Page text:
St. Paul police investigators and archdiocese representatives met Wednesday to discuss clergy sex abuse allegations after Chief Thomas Smith had criticized church leaders for not cooperating.
Investigators met with the Rev. Charles Lachowitzer, the vicar general of the Archdiocese of St. Paul and Minneapolis, as well as an attorney. Smith’s department said before noon that it would release “basic details” of the meeting later.
But by 4 p.m., the only update provided by the police, via Twitter, was that “officials answered some questions and set plans for discussions in near future to answer others,” adding that further details “will not be public at this time.”
The archdiocese issued a brief statement: “We had a productive and amicable meeting today and concur with the St. Paul Police’s account of our meeting.”
The session was arranged after Smith said Tuesday that church leaders had not been allowing police to conduct interviews.
“I was very happy to see the chief do that,” Ramsey County Attorney John Choi said. “I think that was necessary, and it was a strategic way, I think, to point certain things out.”
Choi also responded to comments from a former Philadelphia district attorney who told Minnesota Public Radio that prosecutors should convene a grand jury to prod more information out of the archdiocese. Two Minnesota Supreme Court decisions have ruled out the possibility of an “investigative grand jury,” Choi said.
“The Minnesota Supreme Court, for the most part, chastised and took to task a grand jury in Hennepin County and a grand jury in Wabasha County for convening an investigative grand jury,” Choi said.
Grand juries in Minnesota are typically called at the conclusion of a police investigation to determine whether first-degree murder charges should be filed, in cases where attorneys are unsure about charges and want to gauge the public sentiment or to determine if police are at fault in fatal officer-involved shootings.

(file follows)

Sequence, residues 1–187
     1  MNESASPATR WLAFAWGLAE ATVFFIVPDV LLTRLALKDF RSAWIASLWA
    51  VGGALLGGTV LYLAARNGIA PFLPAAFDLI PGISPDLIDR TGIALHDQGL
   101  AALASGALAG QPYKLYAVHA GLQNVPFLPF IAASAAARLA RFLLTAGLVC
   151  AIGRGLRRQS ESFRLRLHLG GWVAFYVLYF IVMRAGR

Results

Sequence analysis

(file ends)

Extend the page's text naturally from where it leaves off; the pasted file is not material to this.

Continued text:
In other states, investigative grand juries are “robust,” Choi said, and can subpoena witnesses to testify or produce records that are then made public even if no charges are filed. In Minnesota, grand juries cannot reveal such details from their proceedings, which Choi said wouldn’t help compel more transparency.
“I just don’t think it’s a good idea and in the best interest of the public,” Choi said. “We also have to remind ourselves that there’s currently an active police investigation happening, and it would be entirely ineffective and inappropriate to convene a second and separate investigation.”
Choi’s counterparts were supportive of his stance on the issue.
“There may be a point in time where the police investigation is in fact, thoroughly stymied and they [the archdiocese] won’t talk,” Hennepin County Attorney Mike Freeman said. “Then I think that’s something John has to think about doing. But right now, he can’t have a grand jury jump in and investigate and not do it as well as the police. And it won’t be as transparent.”